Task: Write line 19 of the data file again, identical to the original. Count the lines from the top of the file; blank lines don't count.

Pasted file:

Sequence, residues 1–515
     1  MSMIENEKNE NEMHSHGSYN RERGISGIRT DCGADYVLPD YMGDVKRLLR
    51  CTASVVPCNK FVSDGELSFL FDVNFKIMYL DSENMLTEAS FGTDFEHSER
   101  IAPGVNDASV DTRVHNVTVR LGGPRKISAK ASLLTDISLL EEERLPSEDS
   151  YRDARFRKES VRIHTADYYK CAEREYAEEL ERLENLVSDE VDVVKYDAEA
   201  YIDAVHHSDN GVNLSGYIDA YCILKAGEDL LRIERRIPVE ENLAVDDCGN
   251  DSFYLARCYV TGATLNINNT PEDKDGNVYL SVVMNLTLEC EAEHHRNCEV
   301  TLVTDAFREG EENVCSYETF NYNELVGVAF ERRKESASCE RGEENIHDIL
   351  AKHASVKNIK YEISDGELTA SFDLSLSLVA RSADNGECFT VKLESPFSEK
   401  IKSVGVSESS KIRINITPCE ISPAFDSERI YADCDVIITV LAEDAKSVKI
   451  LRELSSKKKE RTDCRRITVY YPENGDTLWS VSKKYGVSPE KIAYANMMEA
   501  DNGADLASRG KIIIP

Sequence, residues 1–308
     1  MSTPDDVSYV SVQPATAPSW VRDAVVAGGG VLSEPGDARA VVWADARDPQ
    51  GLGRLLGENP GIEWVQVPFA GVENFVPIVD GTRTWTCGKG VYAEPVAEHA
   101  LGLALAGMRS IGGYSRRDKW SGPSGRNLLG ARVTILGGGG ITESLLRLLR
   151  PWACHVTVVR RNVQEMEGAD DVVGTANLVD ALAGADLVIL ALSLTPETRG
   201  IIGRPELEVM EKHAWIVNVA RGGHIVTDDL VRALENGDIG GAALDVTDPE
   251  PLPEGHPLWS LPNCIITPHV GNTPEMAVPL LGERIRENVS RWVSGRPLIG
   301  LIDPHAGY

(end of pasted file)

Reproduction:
   251  PLPEGHPLWS LPNCIITPHV GNTPEMAVPL LGERIRENVS RWVSGRPLIG